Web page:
Interesting! No, I don't think you are the British guy in question as he got his green card independently of his family. With all that being said, what do you think of the OP's chances?
 

christoph14

New Member
Thank you all. I actually got passed the interview as the officer said I was a minor back then and did well with the 5-year period without leaving the states for more than 6 months in-between. Multiple lawyers suggested otherwise, saying chances were slim even after "scrutinizing" my case. Nevertheless, only the result matters and I'm glad I applied for naturalization.
 

FriscoDude

Registered Users (C)
Thank you all. I actually got passed the interview as the officer said I was a minor back then and did well with the 5-year period without leaving the states for more than 6 months in-between. Multiple lawyers suggested otherwise, saying chances were slim even after "scrutinizing" my case. Nevertheless, only the result matters and I'm glad I applied for naturalization.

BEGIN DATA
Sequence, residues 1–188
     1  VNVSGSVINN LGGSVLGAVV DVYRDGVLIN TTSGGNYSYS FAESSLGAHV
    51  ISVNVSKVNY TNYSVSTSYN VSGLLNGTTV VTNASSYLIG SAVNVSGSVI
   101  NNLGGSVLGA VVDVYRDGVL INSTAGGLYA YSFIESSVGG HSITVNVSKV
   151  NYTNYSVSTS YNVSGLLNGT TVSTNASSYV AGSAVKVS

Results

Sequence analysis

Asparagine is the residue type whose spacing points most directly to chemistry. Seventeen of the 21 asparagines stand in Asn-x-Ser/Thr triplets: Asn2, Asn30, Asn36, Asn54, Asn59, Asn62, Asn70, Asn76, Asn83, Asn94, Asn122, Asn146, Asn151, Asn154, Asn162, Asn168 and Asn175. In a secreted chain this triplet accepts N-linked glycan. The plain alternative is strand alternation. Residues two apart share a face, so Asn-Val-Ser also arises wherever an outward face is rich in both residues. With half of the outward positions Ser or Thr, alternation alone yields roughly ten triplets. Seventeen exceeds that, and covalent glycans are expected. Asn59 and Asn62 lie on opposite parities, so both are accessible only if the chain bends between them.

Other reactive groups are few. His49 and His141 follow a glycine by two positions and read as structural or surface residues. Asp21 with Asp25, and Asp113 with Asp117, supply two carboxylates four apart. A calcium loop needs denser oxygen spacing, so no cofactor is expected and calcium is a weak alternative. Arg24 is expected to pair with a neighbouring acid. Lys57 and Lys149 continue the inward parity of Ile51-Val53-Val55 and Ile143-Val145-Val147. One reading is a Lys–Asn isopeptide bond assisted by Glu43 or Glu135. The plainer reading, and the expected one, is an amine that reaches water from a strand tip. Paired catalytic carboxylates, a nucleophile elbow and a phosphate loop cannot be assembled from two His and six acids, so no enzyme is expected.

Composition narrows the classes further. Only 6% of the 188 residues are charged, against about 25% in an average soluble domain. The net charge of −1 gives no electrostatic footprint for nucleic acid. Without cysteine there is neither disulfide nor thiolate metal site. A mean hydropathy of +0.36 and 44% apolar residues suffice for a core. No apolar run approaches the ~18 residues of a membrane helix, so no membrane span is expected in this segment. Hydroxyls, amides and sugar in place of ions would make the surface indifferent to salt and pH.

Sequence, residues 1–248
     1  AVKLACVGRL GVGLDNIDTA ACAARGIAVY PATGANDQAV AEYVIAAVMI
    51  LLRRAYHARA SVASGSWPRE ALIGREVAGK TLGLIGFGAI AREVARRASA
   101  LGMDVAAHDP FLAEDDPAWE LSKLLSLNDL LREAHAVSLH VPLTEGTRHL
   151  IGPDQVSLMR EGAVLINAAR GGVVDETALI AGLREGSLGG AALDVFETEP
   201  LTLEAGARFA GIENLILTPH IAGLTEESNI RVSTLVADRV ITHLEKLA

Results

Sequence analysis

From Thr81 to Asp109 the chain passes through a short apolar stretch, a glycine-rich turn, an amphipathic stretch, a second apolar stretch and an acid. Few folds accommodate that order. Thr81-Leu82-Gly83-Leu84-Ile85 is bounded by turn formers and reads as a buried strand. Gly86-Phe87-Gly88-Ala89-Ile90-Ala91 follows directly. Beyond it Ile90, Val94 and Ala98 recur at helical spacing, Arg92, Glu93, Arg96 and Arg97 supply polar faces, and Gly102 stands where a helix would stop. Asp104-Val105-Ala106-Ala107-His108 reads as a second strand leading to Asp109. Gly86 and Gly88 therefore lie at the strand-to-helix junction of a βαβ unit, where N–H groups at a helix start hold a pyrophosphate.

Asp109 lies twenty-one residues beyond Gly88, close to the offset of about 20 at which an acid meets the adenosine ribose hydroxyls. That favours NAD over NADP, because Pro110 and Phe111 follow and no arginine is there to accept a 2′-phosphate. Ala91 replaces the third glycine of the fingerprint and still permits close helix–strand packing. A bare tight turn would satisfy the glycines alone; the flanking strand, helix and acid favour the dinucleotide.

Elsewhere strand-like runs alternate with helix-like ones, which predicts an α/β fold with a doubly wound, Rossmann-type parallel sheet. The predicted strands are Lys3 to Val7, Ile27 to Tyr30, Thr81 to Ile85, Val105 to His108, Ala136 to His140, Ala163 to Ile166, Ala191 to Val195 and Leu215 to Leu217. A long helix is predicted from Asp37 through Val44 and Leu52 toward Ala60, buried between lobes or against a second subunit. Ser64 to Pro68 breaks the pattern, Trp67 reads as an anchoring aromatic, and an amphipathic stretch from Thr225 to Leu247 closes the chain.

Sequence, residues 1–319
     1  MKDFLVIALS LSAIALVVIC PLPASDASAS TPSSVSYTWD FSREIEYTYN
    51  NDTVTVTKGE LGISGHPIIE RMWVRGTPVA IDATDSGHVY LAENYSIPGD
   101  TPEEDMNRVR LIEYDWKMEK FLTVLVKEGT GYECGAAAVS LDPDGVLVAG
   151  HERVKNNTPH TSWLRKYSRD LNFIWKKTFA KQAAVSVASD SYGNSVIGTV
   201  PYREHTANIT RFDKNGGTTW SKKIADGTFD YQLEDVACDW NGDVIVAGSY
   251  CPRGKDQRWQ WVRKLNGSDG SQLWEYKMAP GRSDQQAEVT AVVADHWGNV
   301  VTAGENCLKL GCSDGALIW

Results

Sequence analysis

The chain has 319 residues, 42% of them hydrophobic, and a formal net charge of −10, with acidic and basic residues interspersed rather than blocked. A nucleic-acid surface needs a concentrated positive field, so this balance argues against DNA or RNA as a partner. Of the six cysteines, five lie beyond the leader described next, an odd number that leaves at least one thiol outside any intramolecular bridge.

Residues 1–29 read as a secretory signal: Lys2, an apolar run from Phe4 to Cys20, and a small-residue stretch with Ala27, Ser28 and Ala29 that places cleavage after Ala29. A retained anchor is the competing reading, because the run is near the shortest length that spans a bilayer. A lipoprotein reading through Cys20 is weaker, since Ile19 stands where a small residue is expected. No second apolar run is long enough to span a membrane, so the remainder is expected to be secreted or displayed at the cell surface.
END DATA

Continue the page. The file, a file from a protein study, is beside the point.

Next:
Oh ok. So you did respect the 6-month rule. Obviously, that makes a huge difference. In any case, congratulations!
 

p@rm4s

New Member
@christoph14 first of all Congratulations! And thanks for sharing, I'm obviously reading cuz my wife is in somewhat a similar position. She became a resident in July 2009 and a couple of months later she got out of the US by land to Mexico (they don't make any records of you going out to Mexico by land) but she came here to give birth to my daughter and marry me. We decided it this way cuz she didn't have any insurance in the US and we got her very good health insurance coverage in Mexico through as part of my job's benefits. She didn't get back in until July 2012 but the officer didn't ask anything to her, just the regular "Welcome back". She's been in an out the US but respecting the 6-month rule. Can you share with us about how long were the periods of time that you were out of the country that could have put you in abandonment risk?

I'm also interested in getting input from you and other forum members on when do you think it'd be safe for my wife to apply for naturalization?


Thanks!!